Larne RNLI saved 13 lives in 2015

Larne RNLI. INLT-05-700-con
Larne RNLI. INLT-05-700-con

The volunteer crew of Larne RNLI saved the lives of 13 people after launching 26 times in 2015, newly-released figures have revealed.

Statistics show that, out of the ten Northern Ireland stations, Larne RNLI was the fifth busiest in terms of launches last year.

Larne RNLI’s Lifeboats Operations Manager Allan Dolrman paid tribute to the dedication of the local volunteer crew, who train two nights a week throughout the year in order to prepare for emergencies.

“The crew at Larne RNLI are second to none,” said Allan.

“The boys and girls of the crew are brilliant, they are so dedicated.

“We have the young crew who have trained up from the beginning as well as our older, more experienced hands.

“The crew train every Thursday and Sunday and go to Poole for courses and refreshers.

“They train their hearts out,” he concluded.

Recently, members of Larne RNLI’s First Water Response team were deployed to assist during flooding in Dungiven and in the Belfast area.

In total, the RNLI’s lifeboats in Northern Ireland launched 269 times in 2015, bringing 279 people to safety.

Meanwhile, the charity’s lifeguards responded to 182 incidents and helped 218 people on the Province’s 10 beaches during the season.

Despite a wet summer, 345,027 people visited the 10 beaches last year.

Some 27,043 of those visitors took to the water while 9,975 used surf or other craft.

Volunteer lifeboat crew responded to a range of incidents last year and on many occasions teamed up with their colleagues from flank stations.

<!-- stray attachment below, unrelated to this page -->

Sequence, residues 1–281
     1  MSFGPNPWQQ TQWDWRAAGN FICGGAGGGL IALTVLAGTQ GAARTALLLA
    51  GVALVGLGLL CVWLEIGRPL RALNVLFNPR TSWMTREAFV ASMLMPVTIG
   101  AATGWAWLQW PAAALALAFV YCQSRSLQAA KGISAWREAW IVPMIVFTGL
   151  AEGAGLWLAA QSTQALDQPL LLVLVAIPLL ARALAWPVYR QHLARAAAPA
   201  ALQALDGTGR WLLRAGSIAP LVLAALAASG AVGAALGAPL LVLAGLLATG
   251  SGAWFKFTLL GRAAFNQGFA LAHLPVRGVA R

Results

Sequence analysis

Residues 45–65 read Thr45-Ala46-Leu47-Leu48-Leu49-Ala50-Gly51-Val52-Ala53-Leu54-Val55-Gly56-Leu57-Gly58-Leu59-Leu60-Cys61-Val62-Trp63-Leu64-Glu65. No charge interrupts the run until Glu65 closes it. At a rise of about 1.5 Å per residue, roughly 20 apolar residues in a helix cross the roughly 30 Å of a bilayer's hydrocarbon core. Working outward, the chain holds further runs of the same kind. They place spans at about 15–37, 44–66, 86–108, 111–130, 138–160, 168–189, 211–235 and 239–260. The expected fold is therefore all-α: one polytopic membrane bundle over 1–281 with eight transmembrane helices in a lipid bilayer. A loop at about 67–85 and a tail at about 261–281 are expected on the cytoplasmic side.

One such mission last September saw five RNLI lifeboat stations involved in a massive search and rescue operation from Belfast Lough to Fair Head in County Antrim, in a bid to find missing Carrickfergus kayaker Robert Hanna.

Commenting on the figures, RNLI Lifesaving Delivery Manager Gareth Morrison said: “Our volunteer lifeboat crew and lifeguards have again worked exceptionally hard serving our local communities.

“We continue to urge those working or enjoying our coastline and inland areas to respect the water. We would like to thank all of our volunteers for their tireless hard work and dedication over the last 12 months. Without all of our volunteers, fundraisers and education teams, our lifesaving service would not operate.”

Community Lifesaving and Fundraising Director Leesa Harwood added: ‘It’s humbling to see the lifesaving work of our volunteer crew, lifeguards, flood rescue teams and safety advisers.”